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Discussion Starter #1
Greetings all..............

The coloured ship plaques of the Bankline loading berth in New Orleans were often works of art. Does anyone remember them and helping '' Chippie '' and the apprentices make them ? They were nailed onto the timbers below the wharf deck level, the height depending on the draft and the water level.

The competition on design and appeal of each plaque was keen. It was a regular feature back in the 1950's but not sure how long it continued on.......

I visited the Port Authority on business in the late 80's and some of the old plaques were still there below the wharf level. We were able to spot them from a launch in the river.

Any tales out there?

Cheers // Alan Rawlinson
 

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Alan,
Harmony Street Wharf was eventually demolished and the wooden piles and dock facings were removed as was the wood plank floor in the shed where the load factor was 100 lbs per sq.ft - hardly adequate for the amount of cargo that Bank Line collected between sailings to Australia (every 10/14 days) and New Zealand (monthly).
I can't remember when the demolishing and the reconstruction began but it must have been in the late 70s, early 80s. The dock was rebuilt to 1000 lbs/sq.ft. and eventually used for tramp ship cargoes of steel and aluminium ingots.
Bank Line, by then, had moved to Governor Nicholls Wharf where there was a modern concrete dock and more room for containers. This location had the added attraction of being next to the French Quarter!
As for the plaques, they were mostly thrown away which is a great pity for, as you say, some were very artistic and colorful. I don't know if anyone thought to save any.
 

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This subject brings back happy memories. A lot of them were master pieces!
Cloverbank(Loverbank) Weirbank(Queerbank) Crestbank(Restbank) from the mid sixties.
Cheers,
John Milne
 

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What was the one that always had a ghost atached, it was on the wharf in Lae as well, at least back in the '70s.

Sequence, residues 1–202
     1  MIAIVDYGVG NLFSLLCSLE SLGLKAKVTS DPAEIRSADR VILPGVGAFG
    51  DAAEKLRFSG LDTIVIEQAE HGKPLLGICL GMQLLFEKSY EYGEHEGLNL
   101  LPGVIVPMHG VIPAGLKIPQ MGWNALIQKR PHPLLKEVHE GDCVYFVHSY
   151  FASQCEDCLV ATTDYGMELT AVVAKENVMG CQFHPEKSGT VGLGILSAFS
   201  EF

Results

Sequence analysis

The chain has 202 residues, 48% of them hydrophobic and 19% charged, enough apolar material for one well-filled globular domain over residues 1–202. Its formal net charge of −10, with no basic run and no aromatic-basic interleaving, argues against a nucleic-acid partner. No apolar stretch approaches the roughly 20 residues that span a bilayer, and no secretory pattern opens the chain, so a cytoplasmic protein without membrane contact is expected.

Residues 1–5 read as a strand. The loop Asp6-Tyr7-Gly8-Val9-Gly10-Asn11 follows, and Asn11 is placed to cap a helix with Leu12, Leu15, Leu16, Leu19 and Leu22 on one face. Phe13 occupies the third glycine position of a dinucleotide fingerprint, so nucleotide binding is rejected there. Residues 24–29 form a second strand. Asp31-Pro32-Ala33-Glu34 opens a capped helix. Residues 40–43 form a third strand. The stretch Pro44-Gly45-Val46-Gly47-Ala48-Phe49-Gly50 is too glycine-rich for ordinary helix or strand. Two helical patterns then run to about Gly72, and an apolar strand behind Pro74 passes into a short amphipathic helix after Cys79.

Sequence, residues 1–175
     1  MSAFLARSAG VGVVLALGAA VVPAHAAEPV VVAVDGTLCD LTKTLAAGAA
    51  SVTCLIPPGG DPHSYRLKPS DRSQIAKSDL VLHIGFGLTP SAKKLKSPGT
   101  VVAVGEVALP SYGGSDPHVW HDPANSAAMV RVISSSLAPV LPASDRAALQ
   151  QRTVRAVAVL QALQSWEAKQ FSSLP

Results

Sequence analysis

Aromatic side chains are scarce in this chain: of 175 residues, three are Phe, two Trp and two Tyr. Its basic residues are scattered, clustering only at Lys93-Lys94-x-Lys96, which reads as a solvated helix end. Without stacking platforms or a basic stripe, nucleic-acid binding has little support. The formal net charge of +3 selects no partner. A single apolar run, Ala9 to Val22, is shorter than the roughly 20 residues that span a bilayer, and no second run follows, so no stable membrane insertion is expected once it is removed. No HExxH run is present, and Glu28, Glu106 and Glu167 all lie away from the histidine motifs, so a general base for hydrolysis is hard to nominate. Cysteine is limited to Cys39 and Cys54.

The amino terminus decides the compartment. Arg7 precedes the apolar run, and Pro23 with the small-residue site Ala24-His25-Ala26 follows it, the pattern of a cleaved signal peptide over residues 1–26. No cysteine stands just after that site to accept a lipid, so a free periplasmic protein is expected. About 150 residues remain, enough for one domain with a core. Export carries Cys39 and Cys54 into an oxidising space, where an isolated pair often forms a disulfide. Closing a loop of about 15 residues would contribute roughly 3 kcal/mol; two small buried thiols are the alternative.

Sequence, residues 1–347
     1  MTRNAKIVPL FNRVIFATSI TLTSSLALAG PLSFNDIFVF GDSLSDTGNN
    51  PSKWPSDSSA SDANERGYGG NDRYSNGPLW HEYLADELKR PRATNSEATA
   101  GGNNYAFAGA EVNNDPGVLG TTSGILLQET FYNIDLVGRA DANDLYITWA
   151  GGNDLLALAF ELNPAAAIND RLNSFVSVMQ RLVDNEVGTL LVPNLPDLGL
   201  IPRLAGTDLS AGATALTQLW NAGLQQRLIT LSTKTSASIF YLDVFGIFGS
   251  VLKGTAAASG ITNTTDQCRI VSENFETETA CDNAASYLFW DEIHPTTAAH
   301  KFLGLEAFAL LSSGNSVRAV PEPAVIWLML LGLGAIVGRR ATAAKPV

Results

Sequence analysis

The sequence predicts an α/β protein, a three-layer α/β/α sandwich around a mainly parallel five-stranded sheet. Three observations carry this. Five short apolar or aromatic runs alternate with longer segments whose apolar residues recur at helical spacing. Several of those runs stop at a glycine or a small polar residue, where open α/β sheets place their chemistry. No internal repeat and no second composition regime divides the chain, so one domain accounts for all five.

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I Made A Plaque For The Testbank, And Duly Hung It Up In 1967
Done It All While On Duty In The Engine Room
Happy Days
 

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maplebank 1952,after the fire and subsequent drydocking at todd johnsons we went down the river and loaded sulphur in lower holds ,then it was up to harmony street wharf to load general,we three apps had the job with chippie of making theplaqueand fixing it under the quay.
Nine years later on the forresbank it was the apps again making and fixing,but I can remember they said it was becoming difficult to find a space,I can remember some great works of art.
JIM
 

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I remember helping to make one when on the Inverbank I think? Memory going I'm afraid. It was a green board, like a soccer pitch, with the old man in goal, mate centre and the rest of the crew were in different positions, including the Serang, Cassab, Tindal etcThere were some real crackers.
Late sixties was the date. Or was it the Teviotbank?(Thumb)
 

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I remember seeing part of an article,with pictures,in Life Magazine sometime in the early sixties.Shown to me by Jack West the longtime Strachans stevedore.
Painted a few myself.
Regards,
Ben Masey
 

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Glad to hear someone remembers Jack West as Strachan's nominated Bank Line stevedore superintendent. I had forgotten his name until Ben mentioned it. Jack who kept a bottle of the strong stuff in his desk drawer and was a bottle a day man during working hours, was nevertheless a great guy when it came to winging out Caterpiller tractors over floored off sulphur or china clay in No,2 Hold. Not a square inch of usable cargo space was wasted. Jack retired in 1969 and was replaced by Lloyd diGiovanni who was young and had good leadership qualities as well. He was Bank Line's nominated stevedore superintendent throughout the 1970s and did great work. He was much more approachable than ever Jack had been.

One of Jack's favourite tricks was to take the Mate out to a long lunch so that the stevedores could do 'dangerous' things with the cargo gear like a heavy lift just above the SWL of the gear! When the Mate got back to the ship at about 3:00 PM, the great hulking D9 was safely tucked away in a hold corner. Lloyd was not that kind of fellow.